You already take your smartphone with you everywhere—you might as well use it to power your workout routine and glean precious data from your bike ride. This is the year you stick to your fitness routine for good. And with smartphone computers and sensors getting better and better, health and fitness apps have finally turned the corner from clunky to crucial.
There’s only one problem: How the hell is a prospective gym-rat-in-training supposed to choose from the myriad apps floating around online? (Hell, there are at least half a dozen apps promising a 7-Minute Workout, let alone ab workouts.)
So we combed through rankings, user feedback, and reviews to find a fitness app for every guy—whether you want a full suite of detailed full-gym workout generators, a quick bodyweight shakedown, or a music app that will match rhythm with your footsteps. We also broke them down by category: comprehensive trainers, which offer a full suite of exercises for various goals; quick-hit apps, which focus on shorter workouts for maximum impact; "get out of the gym" apps, for runners and cyclists who hit the dusty trail; "just get off the couch" apps, designed to help people go from zero to, well, okay; "de-stressing" apps, designed to help your mind recover; and music apps, which are designed with your workouts in mind.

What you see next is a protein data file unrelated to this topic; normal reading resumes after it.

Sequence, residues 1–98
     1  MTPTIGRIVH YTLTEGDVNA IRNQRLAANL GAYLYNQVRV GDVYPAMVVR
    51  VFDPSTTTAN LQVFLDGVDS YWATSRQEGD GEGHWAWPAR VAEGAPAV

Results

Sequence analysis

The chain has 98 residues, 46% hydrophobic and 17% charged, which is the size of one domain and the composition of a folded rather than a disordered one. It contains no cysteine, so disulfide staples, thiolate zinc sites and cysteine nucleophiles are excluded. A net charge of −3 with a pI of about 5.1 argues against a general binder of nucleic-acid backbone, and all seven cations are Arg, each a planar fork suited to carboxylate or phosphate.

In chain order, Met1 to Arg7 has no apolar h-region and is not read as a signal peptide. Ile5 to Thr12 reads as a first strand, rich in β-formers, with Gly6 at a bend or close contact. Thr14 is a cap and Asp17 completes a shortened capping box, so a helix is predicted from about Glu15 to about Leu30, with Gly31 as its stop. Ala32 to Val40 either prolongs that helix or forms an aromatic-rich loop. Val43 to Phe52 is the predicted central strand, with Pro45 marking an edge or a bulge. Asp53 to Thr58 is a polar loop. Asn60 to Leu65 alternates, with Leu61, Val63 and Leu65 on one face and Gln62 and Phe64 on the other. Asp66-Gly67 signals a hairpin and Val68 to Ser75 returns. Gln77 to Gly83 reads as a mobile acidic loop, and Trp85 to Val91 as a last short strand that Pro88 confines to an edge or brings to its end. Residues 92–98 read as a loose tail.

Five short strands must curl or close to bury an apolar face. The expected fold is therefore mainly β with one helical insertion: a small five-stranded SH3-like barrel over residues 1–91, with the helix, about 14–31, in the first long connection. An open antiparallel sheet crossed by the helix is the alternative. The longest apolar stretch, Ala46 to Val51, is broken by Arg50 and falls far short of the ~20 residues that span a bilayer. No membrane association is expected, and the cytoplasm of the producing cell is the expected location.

A note about methodology: When ranking these apps, we took into account a 2015 study from health researchers at the University of Florida, which compared free (and only free) fitness apps against exercise recommendations from the American College of Sports Medicine. We also considered the ARC health and fitness app rankings from Applause, an app analytics company that crawls ratings and reviews in the App Store. We skipped over apps designed to pair with fitness trackers, since they’re dependent on hardware besides a smartphone. (The FitBit app, though great for FitBit users, won’t do much good for a Jawbone user, for example.) When looking at music apps, we stuck to fitness-focused apps, although popular streaming services like Spotify and Pandora also have countless workout playlists.